An image of safe yelli stickers

Written by Saee, Samar, Adhavan on Sunday, September 11, 2022

The motivation for on-the-ground involvement

SafeYelli has been rethinking and revisiting our motivations. When we look at what we’ve done so far, the same question surfaces: what tangible outcomes can we show people? Sure, we’ve delivered cumulative reports to the police. We’ve documented conditions of streetlights and are trying to actively encourage reporting. But the scale is too small. We are too small a community to represent the data accurately. We need other communities to report too. How do we engage with them?

Bottu as a metaphor

The Bottu (Pottu, or Bindi) Map is a physical and interactive map of Bangalore, made accessible to the general public. It will visit Metro stations, bus stands, your local park and everywhere that is feasible. You can mark an area where you’ve been eve-teased, harassed or assaulted with a Bottu. This creates a qualitative map of unsafe regions in and around Bangalore.

This installation is a physical manifestation of the SafeYelli website, to document the undocumented feelings, and to shed light on the dark figures of crime.

Bottu Board will unite unheard voices to create a live graph that spreads awareness, particularly about women’s safety in public. The Bottus are a symbol of femininity but they are also an indelible mark. Much like the kind of scar that is left on victims of harrasment. The bottu board represents the unspoken daily experiences of the people we love and care about.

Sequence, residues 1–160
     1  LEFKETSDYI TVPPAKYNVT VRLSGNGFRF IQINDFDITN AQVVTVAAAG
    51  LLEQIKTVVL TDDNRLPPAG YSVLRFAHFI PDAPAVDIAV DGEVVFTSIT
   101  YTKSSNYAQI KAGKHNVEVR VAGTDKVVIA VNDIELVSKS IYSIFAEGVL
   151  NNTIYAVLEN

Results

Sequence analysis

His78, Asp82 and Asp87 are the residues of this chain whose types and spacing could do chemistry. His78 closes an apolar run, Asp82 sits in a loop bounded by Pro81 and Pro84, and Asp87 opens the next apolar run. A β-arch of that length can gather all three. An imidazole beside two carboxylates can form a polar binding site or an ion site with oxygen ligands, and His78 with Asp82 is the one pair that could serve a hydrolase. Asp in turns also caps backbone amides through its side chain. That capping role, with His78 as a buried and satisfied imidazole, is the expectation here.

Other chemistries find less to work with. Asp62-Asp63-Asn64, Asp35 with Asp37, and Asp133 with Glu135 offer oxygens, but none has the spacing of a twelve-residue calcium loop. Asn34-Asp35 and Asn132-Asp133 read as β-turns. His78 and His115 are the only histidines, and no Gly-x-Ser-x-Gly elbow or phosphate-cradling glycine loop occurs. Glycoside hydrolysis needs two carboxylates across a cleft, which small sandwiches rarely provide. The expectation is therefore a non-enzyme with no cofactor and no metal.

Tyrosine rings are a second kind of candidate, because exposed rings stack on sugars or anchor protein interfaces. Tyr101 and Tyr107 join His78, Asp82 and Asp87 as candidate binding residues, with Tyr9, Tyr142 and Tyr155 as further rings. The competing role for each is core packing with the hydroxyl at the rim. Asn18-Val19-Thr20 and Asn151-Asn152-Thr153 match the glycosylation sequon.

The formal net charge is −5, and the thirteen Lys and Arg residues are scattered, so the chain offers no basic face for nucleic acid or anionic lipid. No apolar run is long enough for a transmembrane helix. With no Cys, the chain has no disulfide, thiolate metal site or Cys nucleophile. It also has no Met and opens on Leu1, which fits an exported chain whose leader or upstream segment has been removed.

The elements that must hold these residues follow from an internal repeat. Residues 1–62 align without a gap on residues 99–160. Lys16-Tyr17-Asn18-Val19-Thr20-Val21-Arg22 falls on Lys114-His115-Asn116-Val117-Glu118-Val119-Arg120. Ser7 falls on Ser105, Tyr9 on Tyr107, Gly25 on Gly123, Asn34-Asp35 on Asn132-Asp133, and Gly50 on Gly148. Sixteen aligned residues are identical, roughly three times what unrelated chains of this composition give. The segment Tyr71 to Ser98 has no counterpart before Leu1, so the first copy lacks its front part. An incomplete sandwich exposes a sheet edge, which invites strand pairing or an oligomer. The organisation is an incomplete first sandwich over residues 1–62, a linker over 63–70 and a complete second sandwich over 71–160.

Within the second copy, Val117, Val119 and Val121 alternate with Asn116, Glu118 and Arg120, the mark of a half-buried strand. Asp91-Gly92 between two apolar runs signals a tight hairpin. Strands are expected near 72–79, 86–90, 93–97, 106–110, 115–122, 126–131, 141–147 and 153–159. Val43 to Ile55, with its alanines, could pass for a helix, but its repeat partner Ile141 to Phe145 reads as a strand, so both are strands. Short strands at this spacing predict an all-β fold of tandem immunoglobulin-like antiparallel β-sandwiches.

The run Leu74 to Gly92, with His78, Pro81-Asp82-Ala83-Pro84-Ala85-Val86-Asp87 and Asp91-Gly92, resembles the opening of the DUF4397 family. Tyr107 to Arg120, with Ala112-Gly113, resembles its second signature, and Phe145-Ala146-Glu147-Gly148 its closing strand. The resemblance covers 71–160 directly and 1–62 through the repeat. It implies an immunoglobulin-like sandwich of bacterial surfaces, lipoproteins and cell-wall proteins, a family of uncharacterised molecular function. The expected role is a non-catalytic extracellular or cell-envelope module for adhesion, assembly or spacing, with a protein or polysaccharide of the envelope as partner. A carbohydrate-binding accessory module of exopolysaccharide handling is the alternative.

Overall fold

A QR code to SafeYelli is also present on the board, allowing people to report incidents in detail on the website.

The pains of designing such a map

We’ve spent over three weeks making progress on it. Over four people were collaborating at one point, and now we’ve brought in more people into SafeYelli to work on it.

  • Starting from designing a base map in MapBox, we’ve tried to come up with a wayfinding experience that does not depend on experience with Google Maps.

    • How do we simplify data just enough to make sure that users understand the map without feeling overwhelmed? Bengaluru is huge and complex, when you zoom out.
  • We are looking at transit hubs in various areas as wayfinding markers. If one can have a visual hierarchy of transit hubs, (Majestic big, Shivaji nagara slightly smaller and NES even smaller)

  • We are also looking at getting information from the corporation through RTI requests.